Following the success story recorded in the containment of the Ebola Virus Disease in the country, a 250-health care worker contingent will Thursday (today) depart Nigeria for Liberia, Sierra Leone and Guinea under the African Union Support to Ebola Outbreak in West Africa mission. The team comprises medical doctors, nurses, hygienists and survivors of the EVD. The survivors are believed to be immune to the Zaire strain of the virus, a status achieved only after an individual has recovered from the illness.
But the survivors with a natural immunity to the Zaire variant are only a handful of the volunteers. According to a Consultant, Foetal Medicine and Genetics, Dr. Femi Oloyede, while the mission is laudable, the conditions in the Ebola-endemic countries will be different. Noting that the HCWs face a unique risk, he urges the African Union and the Federal Government to insure the HCWs against death and infections.
“They are now going into the battle field proper. It is like going into a lion’s den. I believe they must have been adequately trained. But beyond that, they need to be covered, insurance -wise, no matter the training. The risk of contracting the virus is higher now so, insurance should be paramount. “It is now a different ball game entirely because they are going into areas where the risk of being infected is extremely high. Aside from specific and general safety practices, it is necessary that they get a life insurance cover,” he says.
The Vice-President of the Commonwealth Medical Association, Dr. Osahon Enabulele, shares a similar view. In a statement on Monday, Enabulele, the immediate past president of the Nigerian Medical Association, canvassed a life insurance policy as well as a quick re-integration of all volunteers upon their return from the affected countries.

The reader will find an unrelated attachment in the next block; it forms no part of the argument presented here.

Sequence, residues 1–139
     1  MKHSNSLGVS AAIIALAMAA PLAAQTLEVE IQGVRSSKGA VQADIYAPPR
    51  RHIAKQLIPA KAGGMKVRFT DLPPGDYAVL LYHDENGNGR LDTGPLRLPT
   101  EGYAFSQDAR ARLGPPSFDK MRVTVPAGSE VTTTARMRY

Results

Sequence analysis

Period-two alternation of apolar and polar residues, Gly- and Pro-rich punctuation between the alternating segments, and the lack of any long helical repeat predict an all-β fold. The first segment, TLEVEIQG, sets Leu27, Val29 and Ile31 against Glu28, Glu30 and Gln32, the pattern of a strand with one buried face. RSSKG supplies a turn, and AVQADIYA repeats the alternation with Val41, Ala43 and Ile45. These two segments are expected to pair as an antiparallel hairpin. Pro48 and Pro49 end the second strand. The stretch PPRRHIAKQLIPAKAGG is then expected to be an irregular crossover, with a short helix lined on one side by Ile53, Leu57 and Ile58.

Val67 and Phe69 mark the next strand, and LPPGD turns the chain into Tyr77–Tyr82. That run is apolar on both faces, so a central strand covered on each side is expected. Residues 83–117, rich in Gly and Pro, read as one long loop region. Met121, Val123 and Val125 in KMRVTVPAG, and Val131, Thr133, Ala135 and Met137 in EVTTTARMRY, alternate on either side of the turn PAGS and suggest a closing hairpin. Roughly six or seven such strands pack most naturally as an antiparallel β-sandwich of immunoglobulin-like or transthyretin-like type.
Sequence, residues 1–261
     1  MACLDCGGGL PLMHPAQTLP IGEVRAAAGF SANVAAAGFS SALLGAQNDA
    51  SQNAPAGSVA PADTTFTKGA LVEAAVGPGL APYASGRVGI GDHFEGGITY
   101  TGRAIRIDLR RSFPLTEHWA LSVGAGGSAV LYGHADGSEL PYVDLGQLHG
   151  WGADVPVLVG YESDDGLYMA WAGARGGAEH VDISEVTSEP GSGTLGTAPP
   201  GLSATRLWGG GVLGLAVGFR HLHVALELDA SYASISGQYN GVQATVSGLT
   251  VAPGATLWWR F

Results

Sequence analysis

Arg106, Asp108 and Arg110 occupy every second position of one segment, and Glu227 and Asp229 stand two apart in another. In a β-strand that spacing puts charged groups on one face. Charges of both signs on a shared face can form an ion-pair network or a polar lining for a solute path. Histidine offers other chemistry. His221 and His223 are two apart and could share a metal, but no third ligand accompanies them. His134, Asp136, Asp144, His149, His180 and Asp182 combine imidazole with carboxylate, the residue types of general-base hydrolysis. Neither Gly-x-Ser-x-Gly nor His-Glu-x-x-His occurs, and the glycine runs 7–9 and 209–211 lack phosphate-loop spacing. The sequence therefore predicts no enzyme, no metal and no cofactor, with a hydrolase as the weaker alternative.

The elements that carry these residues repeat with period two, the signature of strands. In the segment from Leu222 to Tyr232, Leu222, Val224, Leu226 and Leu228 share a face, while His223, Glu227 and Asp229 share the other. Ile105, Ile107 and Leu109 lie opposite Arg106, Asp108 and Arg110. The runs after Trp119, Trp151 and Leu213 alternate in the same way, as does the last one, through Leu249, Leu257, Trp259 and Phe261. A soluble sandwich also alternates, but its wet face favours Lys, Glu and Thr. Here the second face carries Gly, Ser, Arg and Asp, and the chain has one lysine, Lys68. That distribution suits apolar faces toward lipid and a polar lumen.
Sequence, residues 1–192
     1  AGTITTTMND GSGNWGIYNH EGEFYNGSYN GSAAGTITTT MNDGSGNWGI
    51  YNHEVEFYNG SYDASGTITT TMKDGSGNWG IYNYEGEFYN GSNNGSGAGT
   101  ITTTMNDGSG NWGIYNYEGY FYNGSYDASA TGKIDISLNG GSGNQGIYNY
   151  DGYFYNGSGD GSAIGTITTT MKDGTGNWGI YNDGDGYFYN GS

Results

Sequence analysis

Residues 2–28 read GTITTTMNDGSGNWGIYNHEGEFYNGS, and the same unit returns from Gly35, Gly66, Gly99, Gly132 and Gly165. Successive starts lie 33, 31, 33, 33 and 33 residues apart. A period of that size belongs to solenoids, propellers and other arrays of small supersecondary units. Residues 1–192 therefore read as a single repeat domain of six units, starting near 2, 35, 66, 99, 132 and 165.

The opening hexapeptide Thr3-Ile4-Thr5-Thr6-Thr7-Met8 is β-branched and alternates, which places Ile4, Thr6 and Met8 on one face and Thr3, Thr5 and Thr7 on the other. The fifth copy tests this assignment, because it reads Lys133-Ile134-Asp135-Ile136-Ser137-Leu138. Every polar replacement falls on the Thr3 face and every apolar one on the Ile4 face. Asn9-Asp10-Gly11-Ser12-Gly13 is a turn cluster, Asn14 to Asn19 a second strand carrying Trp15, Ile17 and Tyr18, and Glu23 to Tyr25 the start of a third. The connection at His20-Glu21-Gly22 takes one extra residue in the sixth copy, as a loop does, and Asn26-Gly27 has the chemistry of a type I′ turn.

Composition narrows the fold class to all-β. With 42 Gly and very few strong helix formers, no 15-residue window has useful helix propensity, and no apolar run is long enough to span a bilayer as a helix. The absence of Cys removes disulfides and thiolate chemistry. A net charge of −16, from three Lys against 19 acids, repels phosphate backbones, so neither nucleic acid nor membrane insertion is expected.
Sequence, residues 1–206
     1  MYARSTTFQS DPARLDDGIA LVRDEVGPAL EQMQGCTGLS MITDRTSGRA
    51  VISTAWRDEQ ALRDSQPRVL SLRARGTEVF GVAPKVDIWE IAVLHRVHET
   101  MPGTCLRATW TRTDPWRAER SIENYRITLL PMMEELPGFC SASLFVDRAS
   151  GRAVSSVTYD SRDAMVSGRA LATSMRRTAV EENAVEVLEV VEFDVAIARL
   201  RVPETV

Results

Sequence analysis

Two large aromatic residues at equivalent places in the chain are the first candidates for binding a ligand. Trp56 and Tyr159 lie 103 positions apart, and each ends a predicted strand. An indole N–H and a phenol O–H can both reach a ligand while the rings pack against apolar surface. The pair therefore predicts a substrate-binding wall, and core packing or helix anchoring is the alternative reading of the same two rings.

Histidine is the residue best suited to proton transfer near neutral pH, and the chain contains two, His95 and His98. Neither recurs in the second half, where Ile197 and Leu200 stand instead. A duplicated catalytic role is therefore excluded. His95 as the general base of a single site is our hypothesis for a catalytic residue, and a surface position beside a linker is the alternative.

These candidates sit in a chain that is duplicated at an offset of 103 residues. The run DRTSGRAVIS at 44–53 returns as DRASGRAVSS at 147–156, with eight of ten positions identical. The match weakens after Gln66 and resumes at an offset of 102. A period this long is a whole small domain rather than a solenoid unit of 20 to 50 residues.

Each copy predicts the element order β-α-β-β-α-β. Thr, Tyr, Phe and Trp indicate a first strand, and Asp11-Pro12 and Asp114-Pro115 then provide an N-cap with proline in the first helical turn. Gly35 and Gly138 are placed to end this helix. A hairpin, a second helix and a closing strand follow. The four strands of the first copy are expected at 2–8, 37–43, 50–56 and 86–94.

“While we commend these efforts, we however wish to urge that all the necessary conditions (including pre-departure conditions) that will motivate and empower the volunteers should be provided. In particular, we urge the provision of a guaranteed Life Insurance Policy before their departure. We also urge the provision of an adequate welfare package, Personal Protective Equipment and other support medical facilities.’’
An email sent to the African Union Commission through its Deputy Director, Head of Communications and Information, at the African Union Commission, Wynne Musabayana, on Tuesday, requesting to know what life insurance policy was in place for the HCWs and where any health worker who gets infected would be evacuated to for treatment had yet to be responded to as of Wednesday night.
However, information obtained from the website of the International Institute for Security Studies revealed that the first batch of health care volunteers from Uganda, Rwanda, Nigeria, Ethiopia and the Democratic Republic of the Congo left for Liberia in September. The mission, it was learnt, was made possible by a coalition of African philanthropists and international agencies.